An interesting piece of news arrives telling me that the number of caregivers in California is set to double. One of the problems associated with this boom it that many of these soon-to-be caregivers are themselves facing the prospect of an “unhealthy future due to higher rates of poor health behaviors, compared with both non-caregivers in the same age range and older caregivers.”
I am putting together an “Index” of the top/most important/influential Hippie culture books, people and places. Not ranked in any particular in order,here is what I have so far…. Be Here Now is one of the first guides, for those not born as Hindus, to becoming a yogi, by a person himself not born a […]
As I have noted, I am writing a book about how the Post War generation has changed over the decades and how their changes influenced the lives of everyone else. Although have the most vivid memories of the Hippies and Activists, the Squares were actually the largest cultural subtype of the Post War Generation. […]
The Elder Wisdom Circle always makes interesting reading. Here is a taste… FAMILY: Dad makes fun of my boyfriend around me My main problem is an issue I’m having with my dad. He dislikes my boyfriend to the highest level just because of his skin color which is black. My father tends to make fun […]
I have written about Hot Koko, the musical duo that Jude and I formed when we were in our late 40’s… HERE, HERE and HERE. Now that we are in our early 50’s, music and our enjoyment of being new and highly amateur musicians is really coming into its own. This summer we released our […]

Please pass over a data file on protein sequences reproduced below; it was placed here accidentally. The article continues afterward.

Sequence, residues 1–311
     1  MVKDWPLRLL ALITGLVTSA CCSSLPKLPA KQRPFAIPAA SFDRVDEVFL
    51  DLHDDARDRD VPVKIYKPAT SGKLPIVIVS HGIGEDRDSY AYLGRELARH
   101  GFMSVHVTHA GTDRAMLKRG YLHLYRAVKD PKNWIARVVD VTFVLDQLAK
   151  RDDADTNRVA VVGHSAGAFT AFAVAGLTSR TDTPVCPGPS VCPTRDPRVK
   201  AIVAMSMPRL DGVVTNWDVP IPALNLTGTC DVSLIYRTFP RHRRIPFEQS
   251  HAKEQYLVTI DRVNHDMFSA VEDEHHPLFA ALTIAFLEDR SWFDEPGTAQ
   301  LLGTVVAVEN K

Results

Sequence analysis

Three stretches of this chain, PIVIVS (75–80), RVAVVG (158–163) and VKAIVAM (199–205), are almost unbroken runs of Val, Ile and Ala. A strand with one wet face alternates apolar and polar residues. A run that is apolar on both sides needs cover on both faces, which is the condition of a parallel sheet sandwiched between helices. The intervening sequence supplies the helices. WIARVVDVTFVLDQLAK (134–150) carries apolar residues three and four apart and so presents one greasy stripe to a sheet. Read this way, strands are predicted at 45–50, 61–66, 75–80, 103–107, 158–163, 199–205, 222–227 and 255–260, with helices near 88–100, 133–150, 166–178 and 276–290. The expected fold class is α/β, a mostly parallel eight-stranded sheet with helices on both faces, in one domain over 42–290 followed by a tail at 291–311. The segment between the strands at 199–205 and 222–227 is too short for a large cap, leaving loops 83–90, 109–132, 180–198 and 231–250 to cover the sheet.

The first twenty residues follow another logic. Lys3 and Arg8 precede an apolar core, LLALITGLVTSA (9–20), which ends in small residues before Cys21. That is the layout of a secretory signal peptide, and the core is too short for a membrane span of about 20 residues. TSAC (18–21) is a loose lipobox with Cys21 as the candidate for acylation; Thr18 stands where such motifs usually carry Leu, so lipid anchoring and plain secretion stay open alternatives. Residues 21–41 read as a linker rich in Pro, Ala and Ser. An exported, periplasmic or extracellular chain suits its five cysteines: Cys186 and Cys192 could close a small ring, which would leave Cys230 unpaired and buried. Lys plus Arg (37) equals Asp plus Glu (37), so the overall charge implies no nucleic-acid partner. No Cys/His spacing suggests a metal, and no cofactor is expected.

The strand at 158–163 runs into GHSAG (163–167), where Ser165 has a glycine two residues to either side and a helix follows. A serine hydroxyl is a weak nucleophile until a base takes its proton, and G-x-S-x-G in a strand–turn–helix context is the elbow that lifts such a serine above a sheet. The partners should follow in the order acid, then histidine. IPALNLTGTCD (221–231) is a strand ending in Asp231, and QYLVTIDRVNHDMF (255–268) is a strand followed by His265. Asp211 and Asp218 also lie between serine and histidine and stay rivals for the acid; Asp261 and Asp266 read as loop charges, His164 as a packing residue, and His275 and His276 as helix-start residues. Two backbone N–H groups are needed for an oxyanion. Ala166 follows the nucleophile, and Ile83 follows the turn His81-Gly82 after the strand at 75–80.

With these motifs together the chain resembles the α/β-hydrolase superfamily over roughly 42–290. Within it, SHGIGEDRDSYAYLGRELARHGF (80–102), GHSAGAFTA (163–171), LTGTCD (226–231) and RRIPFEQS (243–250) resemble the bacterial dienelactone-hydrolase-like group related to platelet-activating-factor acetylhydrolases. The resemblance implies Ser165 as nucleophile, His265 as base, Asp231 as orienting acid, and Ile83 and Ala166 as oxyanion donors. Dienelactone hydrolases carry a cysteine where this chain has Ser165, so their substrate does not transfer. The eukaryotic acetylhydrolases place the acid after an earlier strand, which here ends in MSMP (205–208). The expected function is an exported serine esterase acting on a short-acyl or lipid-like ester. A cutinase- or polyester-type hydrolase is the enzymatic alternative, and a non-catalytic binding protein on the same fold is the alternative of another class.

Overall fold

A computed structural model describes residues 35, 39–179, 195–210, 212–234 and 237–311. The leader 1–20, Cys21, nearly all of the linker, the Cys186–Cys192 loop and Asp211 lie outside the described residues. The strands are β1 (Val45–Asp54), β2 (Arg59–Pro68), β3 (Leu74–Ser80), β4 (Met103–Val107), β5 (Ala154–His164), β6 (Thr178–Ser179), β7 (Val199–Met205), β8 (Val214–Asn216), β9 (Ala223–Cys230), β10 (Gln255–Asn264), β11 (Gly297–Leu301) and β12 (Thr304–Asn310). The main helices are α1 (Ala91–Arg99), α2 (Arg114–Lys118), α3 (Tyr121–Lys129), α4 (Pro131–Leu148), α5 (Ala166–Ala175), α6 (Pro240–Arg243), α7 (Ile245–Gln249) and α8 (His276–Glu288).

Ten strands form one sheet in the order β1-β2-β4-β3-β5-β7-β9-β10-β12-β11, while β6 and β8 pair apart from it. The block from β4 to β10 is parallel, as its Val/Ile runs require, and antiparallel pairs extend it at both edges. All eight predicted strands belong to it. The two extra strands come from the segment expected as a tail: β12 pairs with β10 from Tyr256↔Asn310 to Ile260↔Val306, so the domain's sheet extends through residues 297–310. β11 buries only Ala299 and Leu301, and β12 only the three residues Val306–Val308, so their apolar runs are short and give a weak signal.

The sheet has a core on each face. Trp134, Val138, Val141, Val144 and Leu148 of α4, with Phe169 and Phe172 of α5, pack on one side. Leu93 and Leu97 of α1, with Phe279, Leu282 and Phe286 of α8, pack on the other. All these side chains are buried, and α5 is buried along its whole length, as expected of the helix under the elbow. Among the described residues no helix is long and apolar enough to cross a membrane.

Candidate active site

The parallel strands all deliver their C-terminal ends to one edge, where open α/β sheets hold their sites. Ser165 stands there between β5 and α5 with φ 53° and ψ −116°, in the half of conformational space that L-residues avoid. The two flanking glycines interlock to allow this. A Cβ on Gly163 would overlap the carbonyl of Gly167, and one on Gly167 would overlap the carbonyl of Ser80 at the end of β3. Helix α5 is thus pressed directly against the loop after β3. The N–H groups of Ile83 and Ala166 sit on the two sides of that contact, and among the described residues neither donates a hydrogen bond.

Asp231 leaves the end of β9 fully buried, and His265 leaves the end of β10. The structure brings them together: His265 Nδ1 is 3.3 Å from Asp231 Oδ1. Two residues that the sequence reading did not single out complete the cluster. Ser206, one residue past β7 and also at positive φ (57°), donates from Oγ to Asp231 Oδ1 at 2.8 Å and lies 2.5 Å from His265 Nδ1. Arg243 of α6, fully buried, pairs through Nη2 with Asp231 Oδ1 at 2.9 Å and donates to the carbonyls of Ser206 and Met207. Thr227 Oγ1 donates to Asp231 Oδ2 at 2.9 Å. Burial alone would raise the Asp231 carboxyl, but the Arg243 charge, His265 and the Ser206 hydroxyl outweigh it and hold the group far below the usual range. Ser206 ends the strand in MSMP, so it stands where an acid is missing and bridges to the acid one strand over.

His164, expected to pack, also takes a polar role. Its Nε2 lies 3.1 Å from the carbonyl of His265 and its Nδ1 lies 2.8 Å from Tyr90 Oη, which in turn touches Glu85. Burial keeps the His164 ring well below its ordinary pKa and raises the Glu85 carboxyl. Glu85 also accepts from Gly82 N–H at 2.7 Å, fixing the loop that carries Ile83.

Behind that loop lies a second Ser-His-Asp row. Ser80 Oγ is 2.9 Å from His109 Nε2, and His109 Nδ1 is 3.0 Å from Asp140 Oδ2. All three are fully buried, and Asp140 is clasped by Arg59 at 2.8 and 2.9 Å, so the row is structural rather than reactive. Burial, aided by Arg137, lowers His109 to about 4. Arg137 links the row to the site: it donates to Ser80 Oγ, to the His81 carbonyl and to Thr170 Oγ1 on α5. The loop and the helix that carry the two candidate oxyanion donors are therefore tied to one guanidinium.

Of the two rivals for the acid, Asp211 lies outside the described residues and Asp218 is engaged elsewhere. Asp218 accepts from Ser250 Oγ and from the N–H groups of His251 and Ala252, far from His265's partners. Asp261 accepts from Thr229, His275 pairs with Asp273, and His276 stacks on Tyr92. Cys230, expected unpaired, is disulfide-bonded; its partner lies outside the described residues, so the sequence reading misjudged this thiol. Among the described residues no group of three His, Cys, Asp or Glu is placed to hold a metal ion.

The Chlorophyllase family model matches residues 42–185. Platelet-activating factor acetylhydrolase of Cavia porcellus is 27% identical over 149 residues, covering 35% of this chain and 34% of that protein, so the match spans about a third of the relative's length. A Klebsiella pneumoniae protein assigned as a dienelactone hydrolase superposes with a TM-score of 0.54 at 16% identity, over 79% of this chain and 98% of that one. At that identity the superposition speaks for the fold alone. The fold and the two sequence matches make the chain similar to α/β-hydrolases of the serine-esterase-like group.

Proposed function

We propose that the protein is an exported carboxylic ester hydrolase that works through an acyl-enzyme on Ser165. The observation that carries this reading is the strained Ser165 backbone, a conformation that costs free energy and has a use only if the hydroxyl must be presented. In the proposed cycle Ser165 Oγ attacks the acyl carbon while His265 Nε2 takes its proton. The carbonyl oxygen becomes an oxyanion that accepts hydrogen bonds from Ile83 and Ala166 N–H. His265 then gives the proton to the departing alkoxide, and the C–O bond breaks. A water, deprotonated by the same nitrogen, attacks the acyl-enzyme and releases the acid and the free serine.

The art of weaving a great story or composing a great song has changed very little over the past five thousand years. Indeed, my son Caleb and I love reading Greek myths that were already ancient when Homer was alive. The act of creation remains what it has always been; a human being alone, or […]
Wendy Lustbader is one of America’s finest and most illuminating writers. Equally passionate as a writer, teacher, and therapist, Wendy brings
a social worker’s lived experience to her writing, teaching, and service to older people. Indeed it is her long experience with and concern for the well being of older people that forms the foundation of this remarkable book.
One of the difficulties that always presents itself to those who seek to change social systems and cultural practices is the push—pull tension between what you should do and what you can do. It works like this… All social systems (thankfully) have built in “shock absorbers” which make them pretty hard to change. Imagine waking up tomorrow […]
Regular readers know that I am a fan of crones and croning. Rick Moody offers an nice roundup of the concept for the uninitiated… Does a woman merely have to grow older to become a Crone, or does it mean something more? For some answers to that question, see the magazine “Crone: Women Coming […]
One of the best things about blogs and blogging is that it opens up access to material that would otherwise be lost. While much of political journalism is consumed with “he said” and “she said,” blogs mostly offer the authentic experience of people living their lives. Consider the opening paragraphs of a blog post […]